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SpaceX made it look easy.

Offline Hankelow8

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What more could they ask for, no delays on launch, perfect touch down within centimetres (I think), and hopefully stage 2 perfect start up sending Iridium satellites into correct orbit.

Space X are back !!

Offline tyrred

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Spectacular show, SpaceX!  Launch and Landing soo smooth.... Experimental Landing on JRTI scored a perfect 10 in my book. 

Soo glad there was focus on the 1st stage all the way down, no dropout of signal, and no apparent residual flames from the engines after touchdown.  Obviously the RTF period has provided time for some noteworthy refinements, at least in the "optics" department  ;D

Offline testguy

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Anyone see and know what the tumbling thing was to the left and below the first stage during the reentry burn?  It was so fast I couldn't tell.  Would be surprised if it where a fairing segment.

Online ZachS09

I'm currently watching the technical webcast where a continuous ambience of running water and venting can be heard.

Is the running water part of the water deluge system? Or is it from another source?
"Liftoff of Falcon 9: the world's first reflight of an orbital-class rocket."

Offline Danderman

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Although the initial deployment orbit of the Iridium-NEXT satellites will be at an altitude of 667 kilometers and an inclination of 86.4 degrees to either side of the Equator, the satellites will actually raise their altitude to 780 kilometers once they move a safe distance away from the second stage.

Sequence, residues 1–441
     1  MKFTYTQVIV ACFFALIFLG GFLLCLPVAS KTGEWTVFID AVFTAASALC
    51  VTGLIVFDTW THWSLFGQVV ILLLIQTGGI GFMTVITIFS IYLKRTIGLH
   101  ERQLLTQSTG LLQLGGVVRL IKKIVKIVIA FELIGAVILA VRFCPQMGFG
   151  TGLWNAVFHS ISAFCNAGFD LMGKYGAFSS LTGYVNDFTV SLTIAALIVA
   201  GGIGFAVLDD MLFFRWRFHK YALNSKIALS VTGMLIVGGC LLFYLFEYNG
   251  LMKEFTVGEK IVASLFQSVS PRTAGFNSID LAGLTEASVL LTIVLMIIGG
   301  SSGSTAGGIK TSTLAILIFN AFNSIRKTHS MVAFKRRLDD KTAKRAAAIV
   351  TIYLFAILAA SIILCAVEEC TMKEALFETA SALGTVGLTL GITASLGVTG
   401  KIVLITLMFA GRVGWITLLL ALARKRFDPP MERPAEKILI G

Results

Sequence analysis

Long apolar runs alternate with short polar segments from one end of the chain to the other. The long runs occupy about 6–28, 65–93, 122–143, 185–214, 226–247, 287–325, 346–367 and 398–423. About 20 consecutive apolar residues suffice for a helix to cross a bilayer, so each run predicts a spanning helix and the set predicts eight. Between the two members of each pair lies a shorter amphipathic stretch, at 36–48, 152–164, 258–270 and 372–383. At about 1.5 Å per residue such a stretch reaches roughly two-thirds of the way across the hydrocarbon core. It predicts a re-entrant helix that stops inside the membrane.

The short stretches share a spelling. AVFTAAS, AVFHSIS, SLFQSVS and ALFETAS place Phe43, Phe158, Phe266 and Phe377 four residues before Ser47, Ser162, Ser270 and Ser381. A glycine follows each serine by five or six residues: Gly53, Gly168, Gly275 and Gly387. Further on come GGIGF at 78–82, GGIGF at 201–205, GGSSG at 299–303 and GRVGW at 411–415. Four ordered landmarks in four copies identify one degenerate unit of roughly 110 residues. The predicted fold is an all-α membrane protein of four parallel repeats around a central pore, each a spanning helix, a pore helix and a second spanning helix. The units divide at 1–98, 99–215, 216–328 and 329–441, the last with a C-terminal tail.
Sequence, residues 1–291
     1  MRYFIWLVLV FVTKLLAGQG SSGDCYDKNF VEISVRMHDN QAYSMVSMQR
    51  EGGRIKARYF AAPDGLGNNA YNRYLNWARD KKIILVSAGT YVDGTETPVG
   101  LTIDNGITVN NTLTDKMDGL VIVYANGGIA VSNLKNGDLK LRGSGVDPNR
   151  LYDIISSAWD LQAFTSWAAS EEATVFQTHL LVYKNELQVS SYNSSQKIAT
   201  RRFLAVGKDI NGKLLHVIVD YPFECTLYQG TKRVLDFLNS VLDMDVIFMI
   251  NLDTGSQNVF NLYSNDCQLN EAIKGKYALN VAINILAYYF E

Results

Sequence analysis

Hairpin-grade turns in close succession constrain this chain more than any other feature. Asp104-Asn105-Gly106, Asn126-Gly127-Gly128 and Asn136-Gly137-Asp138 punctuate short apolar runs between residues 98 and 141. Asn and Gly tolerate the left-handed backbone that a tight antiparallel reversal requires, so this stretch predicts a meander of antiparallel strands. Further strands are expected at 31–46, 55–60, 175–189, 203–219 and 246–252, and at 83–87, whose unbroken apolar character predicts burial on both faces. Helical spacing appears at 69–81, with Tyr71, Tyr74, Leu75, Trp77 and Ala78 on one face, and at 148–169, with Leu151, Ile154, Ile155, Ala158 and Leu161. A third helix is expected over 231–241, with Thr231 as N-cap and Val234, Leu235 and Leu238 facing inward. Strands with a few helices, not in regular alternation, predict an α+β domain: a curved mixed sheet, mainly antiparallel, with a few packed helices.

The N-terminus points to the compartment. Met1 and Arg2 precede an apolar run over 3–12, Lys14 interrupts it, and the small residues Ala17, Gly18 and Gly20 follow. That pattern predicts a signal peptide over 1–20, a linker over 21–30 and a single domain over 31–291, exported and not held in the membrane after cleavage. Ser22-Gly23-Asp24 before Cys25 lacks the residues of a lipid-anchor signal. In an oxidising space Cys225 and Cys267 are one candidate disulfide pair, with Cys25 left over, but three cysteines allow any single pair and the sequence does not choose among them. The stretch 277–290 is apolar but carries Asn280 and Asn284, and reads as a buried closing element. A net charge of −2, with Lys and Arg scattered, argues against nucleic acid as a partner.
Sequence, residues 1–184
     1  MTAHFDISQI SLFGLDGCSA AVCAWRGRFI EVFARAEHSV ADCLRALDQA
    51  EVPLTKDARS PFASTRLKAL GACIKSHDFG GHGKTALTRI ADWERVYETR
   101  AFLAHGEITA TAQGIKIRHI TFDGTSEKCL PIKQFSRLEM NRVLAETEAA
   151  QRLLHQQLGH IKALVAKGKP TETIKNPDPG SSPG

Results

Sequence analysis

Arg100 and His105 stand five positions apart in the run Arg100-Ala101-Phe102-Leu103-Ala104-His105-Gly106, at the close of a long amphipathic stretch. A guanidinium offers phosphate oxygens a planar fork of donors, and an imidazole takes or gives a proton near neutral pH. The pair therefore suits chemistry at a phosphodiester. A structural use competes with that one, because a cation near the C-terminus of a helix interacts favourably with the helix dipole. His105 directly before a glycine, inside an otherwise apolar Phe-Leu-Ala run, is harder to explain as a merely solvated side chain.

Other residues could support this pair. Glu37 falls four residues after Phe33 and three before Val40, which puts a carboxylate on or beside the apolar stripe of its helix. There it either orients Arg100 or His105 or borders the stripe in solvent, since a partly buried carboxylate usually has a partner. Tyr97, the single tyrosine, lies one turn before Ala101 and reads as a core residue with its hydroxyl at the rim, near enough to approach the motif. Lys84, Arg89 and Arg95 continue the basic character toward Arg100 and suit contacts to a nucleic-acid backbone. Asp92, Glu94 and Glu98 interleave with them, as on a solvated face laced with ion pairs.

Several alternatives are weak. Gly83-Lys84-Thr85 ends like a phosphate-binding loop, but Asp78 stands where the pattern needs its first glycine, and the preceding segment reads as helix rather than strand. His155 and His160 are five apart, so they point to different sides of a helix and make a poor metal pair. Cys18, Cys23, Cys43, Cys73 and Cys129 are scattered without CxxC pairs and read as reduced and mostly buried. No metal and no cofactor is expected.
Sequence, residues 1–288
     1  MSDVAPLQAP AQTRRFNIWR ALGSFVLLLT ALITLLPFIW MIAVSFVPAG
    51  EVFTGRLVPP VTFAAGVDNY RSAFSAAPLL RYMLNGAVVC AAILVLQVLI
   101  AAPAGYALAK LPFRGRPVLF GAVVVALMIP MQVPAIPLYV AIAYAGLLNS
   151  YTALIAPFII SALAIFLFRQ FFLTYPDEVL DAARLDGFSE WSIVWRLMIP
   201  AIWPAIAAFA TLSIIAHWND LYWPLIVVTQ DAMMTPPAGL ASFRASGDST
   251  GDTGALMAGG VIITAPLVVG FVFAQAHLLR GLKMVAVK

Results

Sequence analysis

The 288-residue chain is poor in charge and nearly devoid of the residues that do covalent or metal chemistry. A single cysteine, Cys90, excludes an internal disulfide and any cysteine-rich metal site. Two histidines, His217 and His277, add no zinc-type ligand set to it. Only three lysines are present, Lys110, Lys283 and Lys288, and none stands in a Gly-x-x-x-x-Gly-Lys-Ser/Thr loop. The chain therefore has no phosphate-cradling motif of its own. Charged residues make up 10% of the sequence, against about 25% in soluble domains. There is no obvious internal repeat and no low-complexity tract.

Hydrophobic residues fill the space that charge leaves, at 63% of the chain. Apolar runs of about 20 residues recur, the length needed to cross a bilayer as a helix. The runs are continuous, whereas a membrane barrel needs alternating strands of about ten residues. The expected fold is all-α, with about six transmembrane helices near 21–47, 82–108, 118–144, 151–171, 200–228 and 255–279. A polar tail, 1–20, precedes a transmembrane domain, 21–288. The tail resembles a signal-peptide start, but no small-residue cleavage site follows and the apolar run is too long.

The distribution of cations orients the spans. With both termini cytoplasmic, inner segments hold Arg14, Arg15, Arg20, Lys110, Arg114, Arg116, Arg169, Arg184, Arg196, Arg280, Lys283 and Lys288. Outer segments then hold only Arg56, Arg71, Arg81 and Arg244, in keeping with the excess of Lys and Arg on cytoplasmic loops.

I would imagine that the satellites will raise their orbits at different times to inject themselves into the final working orbit at the correct position within the plane.  I am assuming here that all of the satellites will end up in a single plane.



Online yokem55

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Any possibility of trouble from the South Atlantic anomaly on the other side of the pole?

Offline Thorny

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Any possibility of trouble from the South Atlantic anomaly on the other side of the pole?

The orbit doesn't go near it anytime soon. They'll be coming up over the Indian Ocean toward South Asia.

Offline Pete

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Anyone see and know what the tumbling thing was to the left and below the first stage during the reentry burn?  It was so fast I couldn't tell.  Would be surprised if it where a fairing segment.
If you're referring to the object at about 5:40 , that cannot possibly be fairing. The fairing was released well before than, and both S1 and S2 have accelerated from that location since.

Much more likely, its a smallish, close object. Possibly a cover for the gridfin vents or somesuch. (they were opened just a few seconds before this)